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Vince McMahon needs to go, but that won’t be easy — and should just be the start

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Following the sex trafficking and abuse allegations in the lawsuit filed against TKO Executive Chairman Vince McMahon yesterday (Jan. 25), it seems clear that WWE’s parent company should do whatever it can to separate itself from the man who built their pro wrestling empire.

The stories contained in the suit are some of the most shocking we’ve heard about McMahon, but they’re certainly not the first controversy he’s been central to over the years. Even if Ari Emanuel and his team choose not to make a moral judgment about McMahon and the decades worth of allegations against him, as businesspeople they have to realize his continued involvement threatens their ability to grow the family-friendly global brand they purchased last year. Even before this case was filed, they admitted so themselves.

But as we learned after the hush money scandal that preceded this week’s bombshell, McMahon will not go without a fight. And Wrestlenomics’ Brandon Thurston points out that the terms of that fight were set in TKO’s initial incorporation documents filed with the United States Security & Exchange Commission:

Unclear TKO can unilaterally force Vince McMahon out as Executive Chairman and may instead need to somehow convince him to resign if they want him gone.

From TKO’s Certificate of Incorporation:

“7.2 Executive Chair. Notwithstanding Section 7.1(b), Vincent K. McMahon shall serve as the Executive Chair of the Board (the “Executive Chair”) until the earliest of his death, resignation or Incapacitation. Any vacancy of the Executive Chair (which, if Mr. McMahon is the initial Executive Chair, shall initially only occur upon the death, resignation or Incapacity of Mr. McMahon) shall be filled by the Board by the affirmative vote of a majority of the Directors.”

Perhaps McMahon could be “convinced” to step down with a big enough check. Given his history of battling every charge against him however, taking a payout to quietly go away isn’t a move we’d expect Vince to make. And you can find plenty of speculation online about what constitutes “incapacitation”, mostly focused on a possible criminal conviction. But while there are signs a Federal investigation is underway, McMahon hasn’t even been charged with a crime at this point.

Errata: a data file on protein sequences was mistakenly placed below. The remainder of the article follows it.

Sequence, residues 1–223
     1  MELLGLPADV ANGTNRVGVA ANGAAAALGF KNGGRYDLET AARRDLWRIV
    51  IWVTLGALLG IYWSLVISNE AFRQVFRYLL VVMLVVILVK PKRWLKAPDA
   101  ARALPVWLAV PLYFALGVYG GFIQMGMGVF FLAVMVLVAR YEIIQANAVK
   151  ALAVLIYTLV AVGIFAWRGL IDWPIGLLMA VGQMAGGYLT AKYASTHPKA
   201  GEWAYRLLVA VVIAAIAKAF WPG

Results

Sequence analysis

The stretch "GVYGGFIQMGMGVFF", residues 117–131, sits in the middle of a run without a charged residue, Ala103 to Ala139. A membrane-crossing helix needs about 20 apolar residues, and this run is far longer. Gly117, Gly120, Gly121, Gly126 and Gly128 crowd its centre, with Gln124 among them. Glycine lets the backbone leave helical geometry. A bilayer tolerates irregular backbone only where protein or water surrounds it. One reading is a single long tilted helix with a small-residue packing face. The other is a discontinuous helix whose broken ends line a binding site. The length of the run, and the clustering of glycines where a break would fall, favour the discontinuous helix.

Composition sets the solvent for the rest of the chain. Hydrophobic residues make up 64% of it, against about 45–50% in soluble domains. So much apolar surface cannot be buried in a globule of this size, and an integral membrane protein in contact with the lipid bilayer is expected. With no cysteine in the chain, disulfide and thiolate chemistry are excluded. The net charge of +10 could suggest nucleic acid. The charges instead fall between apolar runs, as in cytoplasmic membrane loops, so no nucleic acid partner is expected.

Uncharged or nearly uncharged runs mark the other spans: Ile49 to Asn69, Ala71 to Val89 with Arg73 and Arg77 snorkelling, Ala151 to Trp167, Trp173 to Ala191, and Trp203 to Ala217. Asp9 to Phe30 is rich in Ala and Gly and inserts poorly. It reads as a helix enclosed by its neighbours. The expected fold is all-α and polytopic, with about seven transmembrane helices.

There’s also the question of what ousting McMahon accomplishes at this point. If a fraction of what’s contained in Janel Grant’s suit is true (or Rita Chatterton’s rape allegation, or the NDA he reportedly had a former wrestler sign after coercing her into performing oral sex on him before demoting her and letting her contract expire when she resisted further sexual advances), it’s the right thing to do — morally and professionally. But as TKO’s statement reminded us, he’s not currently running things at WWE.

So doing whatever they can to ensure McMahon doesn’t make public appearances for WWE or visit backstage at shows is great, but it’s not change. Worse yet, the case laid out in Grant’s suit and what it potentially means about WWE’s handling of past allegations into McMahon’s behavior indicates that this is a deeply ingrained, systemic issue for the organization. A full reading of the suit (which is difficult, but necessary to grasp the full scope — you can find it here) suggests that in addition to other executives, contracted performers, and rank-and-file employees who may have joined in their boss’ alleged misdeeds, there are high-ranking officials still with WWE who were at least generally aware of Vince’s behavior and chose to look the other way or perhaps even helped cover it up.

Can TKO really move forward as long as those people are still with the company, or at least identified and made to address their own actions (or inaction)?

They probably can. Unfortunately, if the past two years of Vince McMahon scandal have taught us anything, neither wrestling fans or the general public have much interest in examining pro wrestling’s seedy underbelly.

But they shouldn’t. Having processed a lot of thoughts and takes on this subject in the past 24 hours, if there’s one that best serves as a “final word” on this matter (for now), it comes from Lance Storm’s appearance on Thursday’s Wrestling Observer Live:

“When you were reading the account of how this started — that’s classic sexual predator stuff. Find someone down on their luck, start grooming them, and bending them to your will. Not only should he be booted off the board, take his keys to the office away, bar him from going to shows, and I think there needs to be a legitimate cleaning house of anyone who covered anything up, who knew about this — like this is absolutely disgustingly horrible, and he needs to be gone and done, and I hope there’s criminal charges brought if any of this is remotely true. Which, with their being so many NDAs and a long list of things, I can’t fathom how it isn’t.”

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